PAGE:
The Purpose of the Fourth Amendment and Crafting Rules to Implement that Purpose

44 Pages Posted: 14 Sep 2013 Last revised: 13 Feb 2014

See all articles by Thomas K. Clancy

Thomas K. Clancy

University of Mississippi School of Law

Date Written: January 6, 2014

Abstract

What is the purpose of the Fourth Amendment? How should rules – legal principles – be crafted to implement that purpose? This article addresses those fundamental questions. Both historically and currently, the Supreme Court’s answer to the first question has vacillated between two choices: the Amendment is designed to regulate law enforcement practices or it is designed to protect individuals from overreaching governmental intrusions. Rules – legal principles – should implement purpose. If the first view is correct, then the Court should create a rule book for the police to effectuate their intrusions. If the second view prevails, then rules should be designed to promote individual security. This article posits that the purpose of the Fourth Amendment, at its very core, is to protect individual security. Accepting that premise as a given, the article details the consequences of that purpose – legal principles should be constructed to protect the individual, including general rules and exceptions to those rules.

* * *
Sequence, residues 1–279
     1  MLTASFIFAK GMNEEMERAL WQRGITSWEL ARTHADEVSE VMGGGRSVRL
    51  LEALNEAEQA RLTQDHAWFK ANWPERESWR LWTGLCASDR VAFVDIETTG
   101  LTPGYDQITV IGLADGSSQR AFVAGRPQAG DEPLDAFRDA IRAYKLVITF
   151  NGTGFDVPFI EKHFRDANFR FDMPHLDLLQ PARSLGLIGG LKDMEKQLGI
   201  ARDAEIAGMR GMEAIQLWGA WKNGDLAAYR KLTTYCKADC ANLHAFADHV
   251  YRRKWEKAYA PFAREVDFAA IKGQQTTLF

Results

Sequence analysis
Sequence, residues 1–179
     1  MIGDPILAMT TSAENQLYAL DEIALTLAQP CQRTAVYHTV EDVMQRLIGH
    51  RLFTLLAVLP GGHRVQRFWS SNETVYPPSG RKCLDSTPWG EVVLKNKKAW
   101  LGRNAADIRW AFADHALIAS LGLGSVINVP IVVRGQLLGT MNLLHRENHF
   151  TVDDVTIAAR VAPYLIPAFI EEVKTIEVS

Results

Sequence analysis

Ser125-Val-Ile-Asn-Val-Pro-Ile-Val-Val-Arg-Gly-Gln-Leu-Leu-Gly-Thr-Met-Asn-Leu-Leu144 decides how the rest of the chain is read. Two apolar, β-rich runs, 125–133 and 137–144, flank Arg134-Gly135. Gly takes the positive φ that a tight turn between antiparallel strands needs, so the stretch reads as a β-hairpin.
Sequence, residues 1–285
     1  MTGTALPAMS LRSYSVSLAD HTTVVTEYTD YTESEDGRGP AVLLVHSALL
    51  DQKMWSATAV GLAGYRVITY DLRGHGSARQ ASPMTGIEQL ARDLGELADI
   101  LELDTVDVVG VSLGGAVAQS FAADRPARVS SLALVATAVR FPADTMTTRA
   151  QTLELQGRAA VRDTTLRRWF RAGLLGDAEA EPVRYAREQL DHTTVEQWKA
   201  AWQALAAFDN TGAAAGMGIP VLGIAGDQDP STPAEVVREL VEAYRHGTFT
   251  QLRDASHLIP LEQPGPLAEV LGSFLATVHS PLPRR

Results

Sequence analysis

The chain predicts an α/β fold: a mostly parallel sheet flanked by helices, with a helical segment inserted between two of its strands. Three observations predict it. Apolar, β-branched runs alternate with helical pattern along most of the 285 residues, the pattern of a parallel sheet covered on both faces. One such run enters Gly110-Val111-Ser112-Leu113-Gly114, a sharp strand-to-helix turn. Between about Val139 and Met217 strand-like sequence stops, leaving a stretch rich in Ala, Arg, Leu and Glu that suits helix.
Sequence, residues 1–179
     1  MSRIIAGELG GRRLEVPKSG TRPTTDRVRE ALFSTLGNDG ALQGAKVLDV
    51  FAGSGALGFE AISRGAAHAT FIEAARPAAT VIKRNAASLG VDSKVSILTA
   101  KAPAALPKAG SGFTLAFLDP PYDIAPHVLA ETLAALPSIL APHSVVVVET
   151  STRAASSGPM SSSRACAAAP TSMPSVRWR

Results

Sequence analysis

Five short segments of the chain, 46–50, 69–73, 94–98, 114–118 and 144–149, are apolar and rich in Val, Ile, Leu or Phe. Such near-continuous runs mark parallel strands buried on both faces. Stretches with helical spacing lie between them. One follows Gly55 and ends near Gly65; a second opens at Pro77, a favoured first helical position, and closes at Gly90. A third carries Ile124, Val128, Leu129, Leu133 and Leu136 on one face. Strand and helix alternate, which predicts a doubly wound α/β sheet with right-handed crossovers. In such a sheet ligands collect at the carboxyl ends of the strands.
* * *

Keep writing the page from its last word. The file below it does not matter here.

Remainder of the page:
Keywords: Fourth Amendment, search and seizure, Supreme Court

JEL Classification: K10, K14, K40

Suggested Citation

Clancy, Thomas K., The Purpose of the Fourth Amendment and Crafting Rules to Implement that Purpose (January 6, 2014). University of Richmond Law Review, Vol. 48, No. 2, 2014, Available at SSRN: https://ssrn.com/abstract=2325481 or http://dx.doi.org/10.2139/ssrn.2325481

Thomas K. Clancy (Contact Author)

University of Mississippi School of Law ( email )

Lamar Law Center
P.O. Box 1848
University, MS 38677
United States
662-832-5244 (Phone)

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